Panasonic Releases its Let’s Note laptop In Japan-Hearty, Highly Functional, Above Average Cost

A brand new product from Panasonic, the Let’s Note, is an upgraded laptop from the Japanese multinational electronics company, with even better CPUs, and a distinctive look for some of Americans. The Let’s Note laptops are upgraded from Panasonic’s previous 12.1-inch series, and are considered the only ultra-compact from the company to feature the very latest mobile CPUs from Intel, and a bundle of other features usually not in conjunction with one device. Made of plastic, you wouldn't know just how complete this particular laptop is. Obviously an ultra compact device, the Panasonic Let’s Note is also rugged enough to dropped from a height of 76 cm.

Panasonic, of course highly regarded in Japan, meets the requirements of consumers there quite differently than American consumers, who are frequently looking for the ultra-thin genre. Ultra compact and ultra-thin are most definitely not the same. The Let’s Note devices are light, however, relatively thick devices. This is because Panasonic wanted to offer something with advantageous I/O, as well as a battery that will last. Hence, Let’s Notes do not look like most of the ultra-thin notebooks, convertibles, and hybrid laptops that are consistently launching in the U.S. Rather, they are boxy, not revelled for ever having thin panels, and feature very interesting circular track pads, something you'd really have to get used to if you're living in 2018, and not 15 years back. As mentioned, these are lightweight, but rugged, meaning even if they are fitted with an extended battery, one that Panasonic boastly claims to run for 21 hours, the device is still compact enough to barely reach 2.5 pounds.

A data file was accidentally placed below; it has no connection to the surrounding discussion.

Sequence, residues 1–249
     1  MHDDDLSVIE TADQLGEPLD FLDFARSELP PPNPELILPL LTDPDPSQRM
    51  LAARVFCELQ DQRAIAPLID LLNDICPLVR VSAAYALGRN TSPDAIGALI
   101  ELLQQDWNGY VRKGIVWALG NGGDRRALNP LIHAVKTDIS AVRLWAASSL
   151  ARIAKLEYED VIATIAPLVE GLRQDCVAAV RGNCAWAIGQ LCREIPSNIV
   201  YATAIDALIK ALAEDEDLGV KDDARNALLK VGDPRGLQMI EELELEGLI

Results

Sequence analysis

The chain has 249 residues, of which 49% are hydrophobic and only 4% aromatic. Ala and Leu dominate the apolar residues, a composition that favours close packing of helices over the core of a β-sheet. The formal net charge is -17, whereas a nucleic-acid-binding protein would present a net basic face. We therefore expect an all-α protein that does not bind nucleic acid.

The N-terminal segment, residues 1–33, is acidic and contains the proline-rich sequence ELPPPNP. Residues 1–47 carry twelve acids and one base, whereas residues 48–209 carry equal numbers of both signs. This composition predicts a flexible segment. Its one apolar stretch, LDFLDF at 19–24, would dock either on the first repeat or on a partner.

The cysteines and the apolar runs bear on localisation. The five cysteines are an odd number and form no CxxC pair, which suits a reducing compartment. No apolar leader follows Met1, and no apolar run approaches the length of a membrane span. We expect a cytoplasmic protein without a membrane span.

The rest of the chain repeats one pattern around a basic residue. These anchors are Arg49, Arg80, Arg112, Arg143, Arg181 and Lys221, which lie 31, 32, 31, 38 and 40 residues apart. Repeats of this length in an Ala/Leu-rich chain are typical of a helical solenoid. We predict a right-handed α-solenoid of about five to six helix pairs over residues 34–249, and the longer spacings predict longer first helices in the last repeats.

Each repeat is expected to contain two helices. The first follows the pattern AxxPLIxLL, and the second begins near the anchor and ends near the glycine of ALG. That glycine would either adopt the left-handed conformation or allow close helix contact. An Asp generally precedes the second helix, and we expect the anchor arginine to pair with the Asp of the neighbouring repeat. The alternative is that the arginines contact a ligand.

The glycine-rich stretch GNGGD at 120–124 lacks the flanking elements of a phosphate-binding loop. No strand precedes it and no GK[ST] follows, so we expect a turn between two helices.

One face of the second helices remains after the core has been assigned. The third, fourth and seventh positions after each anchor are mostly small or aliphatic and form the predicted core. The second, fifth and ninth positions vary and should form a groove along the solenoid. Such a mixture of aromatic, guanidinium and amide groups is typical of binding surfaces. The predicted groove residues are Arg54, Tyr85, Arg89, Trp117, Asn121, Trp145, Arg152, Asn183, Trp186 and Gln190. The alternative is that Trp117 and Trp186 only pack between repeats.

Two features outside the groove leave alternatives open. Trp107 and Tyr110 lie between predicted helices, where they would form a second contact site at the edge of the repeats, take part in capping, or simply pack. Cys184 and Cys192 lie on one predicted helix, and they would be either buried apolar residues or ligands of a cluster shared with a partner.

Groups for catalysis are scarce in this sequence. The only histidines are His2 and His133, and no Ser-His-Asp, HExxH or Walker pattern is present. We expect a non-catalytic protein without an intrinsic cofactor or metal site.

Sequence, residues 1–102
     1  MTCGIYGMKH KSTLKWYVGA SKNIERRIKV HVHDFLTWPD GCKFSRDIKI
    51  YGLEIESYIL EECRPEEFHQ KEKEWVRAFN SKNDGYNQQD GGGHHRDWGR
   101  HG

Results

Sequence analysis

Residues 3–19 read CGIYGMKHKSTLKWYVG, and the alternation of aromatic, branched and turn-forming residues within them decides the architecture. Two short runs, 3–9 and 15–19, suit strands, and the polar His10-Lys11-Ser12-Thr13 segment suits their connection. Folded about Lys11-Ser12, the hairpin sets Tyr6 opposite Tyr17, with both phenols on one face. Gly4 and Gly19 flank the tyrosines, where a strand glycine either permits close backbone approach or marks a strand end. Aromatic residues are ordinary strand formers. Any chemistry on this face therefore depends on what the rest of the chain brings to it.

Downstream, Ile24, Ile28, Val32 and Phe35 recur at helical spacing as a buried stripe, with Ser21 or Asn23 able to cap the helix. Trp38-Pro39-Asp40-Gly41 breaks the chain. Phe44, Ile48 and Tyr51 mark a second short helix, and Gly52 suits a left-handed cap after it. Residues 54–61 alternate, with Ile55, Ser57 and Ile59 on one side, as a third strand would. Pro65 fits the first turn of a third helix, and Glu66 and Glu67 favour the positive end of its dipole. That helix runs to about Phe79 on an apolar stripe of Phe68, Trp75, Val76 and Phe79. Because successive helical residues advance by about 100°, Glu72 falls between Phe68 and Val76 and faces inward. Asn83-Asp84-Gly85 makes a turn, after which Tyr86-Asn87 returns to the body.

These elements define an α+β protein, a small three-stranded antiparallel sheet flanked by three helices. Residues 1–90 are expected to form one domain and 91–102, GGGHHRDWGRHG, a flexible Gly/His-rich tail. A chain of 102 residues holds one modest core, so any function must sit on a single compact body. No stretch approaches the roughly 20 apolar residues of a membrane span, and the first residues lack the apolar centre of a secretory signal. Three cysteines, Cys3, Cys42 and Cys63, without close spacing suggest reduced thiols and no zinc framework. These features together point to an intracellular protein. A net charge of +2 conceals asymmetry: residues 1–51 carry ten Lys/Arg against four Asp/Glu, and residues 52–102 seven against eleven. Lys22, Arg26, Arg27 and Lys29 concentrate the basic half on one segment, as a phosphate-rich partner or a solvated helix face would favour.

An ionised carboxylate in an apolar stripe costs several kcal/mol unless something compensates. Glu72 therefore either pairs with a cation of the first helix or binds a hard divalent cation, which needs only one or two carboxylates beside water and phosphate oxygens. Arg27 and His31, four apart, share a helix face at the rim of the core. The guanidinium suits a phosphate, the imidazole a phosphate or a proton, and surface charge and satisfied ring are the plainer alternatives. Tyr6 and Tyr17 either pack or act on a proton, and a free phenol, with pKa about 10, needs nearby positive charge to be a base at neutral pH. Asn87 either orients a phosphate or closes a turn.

The 12.1 inch display features a WUXGA 1920 x 1200 matte LCD screen, and a 720p webcam and IR sensor for Windows Hello. Inside, hardware includes an Intel Core i5-8350U or a Core-i7-8650U CPU processor, plus a new cooling system to beat the heat of its upgraded processors (which also adds to its bulk). Configuration options also include up to 1TB PCIe SSD, along with 128GB to 256GB SSD, and 8GB to 16GB LPDDR3 RAM.

Sometimes, if you want to go ultra-thin, you might want to get something lovely and sleek. However, this desire for beauty may cause a disadvantage when it comes to thin, replaceable batteries, and the lack of ports that some people actually need. Hence, the Let’s Note’s ports and connectivity include an HDMI port, Thunderbolt 3, VGA connect, Ethernet, (optional) LTE, an SD card slot, three USB-A ports, a headphone jack, and DVD burner. A DVD burner? That is awesome! Another slice of the pie that takes up space, but good for the demographic it is intended for.

Here, we have a Panasonic, in its relative state, utilizing multiple ideas in order to achieve an incredible light form-factor, in addition to being one of the few companies that still offer highly integrated laptops with more optical drives, thicker batteries (which are still replaceable), and more connectivity and ports. The price though, it's going to disappoint. Just for the stake of shocking you, $3,000 is about the price of the higher-end model. That, my friends, is pretty much where I would say, if you're not buying a brand new Dell XPS 15 9560 with 4K resolution and Kaby lake CPUs, put that 2 to 3 grand towards a car. On the other hand, Let’s Note has a place in the world, and could offer more external accessories, run for 21 hours without a charge; and, if you are curious and exotic enough to fit into this category of preferences, it may be the one for you. The Japanese computing company refreshed this brand without a U.S. introduction just yet. However, these are probably going to do quite well and places like Tokyo and Osaka, where they are already being sold via FlipKart.

Topics: Technology News Laptop Trends Laptops & Ultrathin Ultrabooks Tech Reviews

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